Virtual reality to investigate food addictions
Soon virtual reality will enable us to identify human food cravings and a way to control them for better health benefits.
Houston: Soon virtual reality will enable us to identify human food cravings and a way to control them for better health benefits, a new research has revealed.
Tracey Ledoux, Assistant professor of health and human performance at the University of Houston is using an innovative approach to study food addictions in hope of finding strategies to assess and treat them.
"There is a growing body of research that shows that consumption of palatable food stimulates the same reward and motivation centers of the brain that recognised addictive drugs do," Ledoux said.
"These cravings are related to overeating, unsuccessful weight loss and obesity."
Ledoux and Professor Patrick Bordnick, Director of the UH Graduate College of Social Work`s Virtual Reality Lab, will use virtual environments to try to induce food cravings.
Bordnick`s body of research has focused on addictive behaviours and phobias and has used virtual reality as a tool to assess and treat them.
In this new investigation, participants will wear a virtual reality helmet to enter a "real-world" restaurant, complete with all the sights, sounds and smells.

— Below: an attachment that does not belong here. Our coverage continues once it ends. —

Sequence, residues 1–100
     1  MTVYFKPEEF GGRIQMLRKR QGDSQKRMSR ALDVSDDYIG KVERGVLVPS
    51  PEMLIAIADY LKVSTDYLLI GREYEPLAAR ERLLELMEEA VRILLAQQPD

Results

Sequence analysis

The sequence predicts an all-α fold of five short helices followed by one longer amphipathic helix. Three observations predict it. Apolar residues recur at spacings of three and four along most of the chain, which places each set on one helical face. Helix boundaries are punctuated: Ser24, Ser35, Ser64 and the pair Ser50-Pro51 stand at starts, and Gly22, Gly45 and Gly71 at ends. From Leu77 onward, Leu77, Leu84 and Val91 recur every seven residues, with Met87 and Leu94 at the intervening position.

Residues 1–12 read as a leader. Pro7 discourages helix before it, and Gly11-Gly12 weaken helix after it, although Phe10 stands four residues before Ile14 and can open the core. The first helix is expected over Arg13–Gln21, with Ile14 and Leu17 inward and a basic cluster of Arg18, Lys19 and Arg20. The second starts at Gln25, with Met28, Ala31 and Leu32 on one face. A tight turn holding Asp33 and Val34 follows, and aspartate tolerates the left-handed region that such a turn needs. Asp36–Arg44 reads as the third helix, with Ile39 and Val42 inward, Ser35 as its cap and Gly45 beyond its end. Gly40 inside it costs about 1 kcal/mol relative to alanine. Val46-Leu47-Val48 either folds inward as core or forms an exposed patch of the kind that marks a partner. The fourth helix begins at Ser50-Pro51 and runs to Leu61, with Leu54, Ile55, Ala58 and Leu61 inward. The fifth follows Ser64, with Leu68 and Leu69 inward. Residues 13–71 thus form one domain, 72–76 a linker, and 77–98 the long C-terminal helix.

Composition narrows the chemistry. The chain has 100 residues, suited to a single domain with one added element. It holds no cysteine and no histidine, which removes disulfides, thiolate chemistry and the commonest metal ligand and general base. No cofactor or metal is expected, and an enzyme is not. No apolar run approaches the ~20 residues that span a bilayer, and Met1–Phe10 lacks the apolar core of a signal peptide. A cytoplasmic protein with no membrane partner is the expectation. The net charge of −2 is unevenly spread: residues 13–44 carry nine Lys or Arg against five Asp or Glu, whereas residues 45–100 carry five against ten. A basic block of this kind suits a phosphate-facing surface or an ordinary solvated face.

A joystick will allow them to walk to a buffet, encounter waitstaff and other patrons.
"Virtual reality will allow us to identify food and food-related stimuli of the built, home, school and social environment that cue food cravings, which has public policy, public health and clinical treatment implications.
"Our study is innovative because it provides a very effective, cost-efficient tool that can be used to increase our understanding of food cravings," Ledoux said. Ledoux is recruiting participants now.
"Obesity is a pervasive and intractable problem with significant public health and economic costs in our society, Finding the elements that promote overeating is critical for reversing the dangerous obesity trend," she said.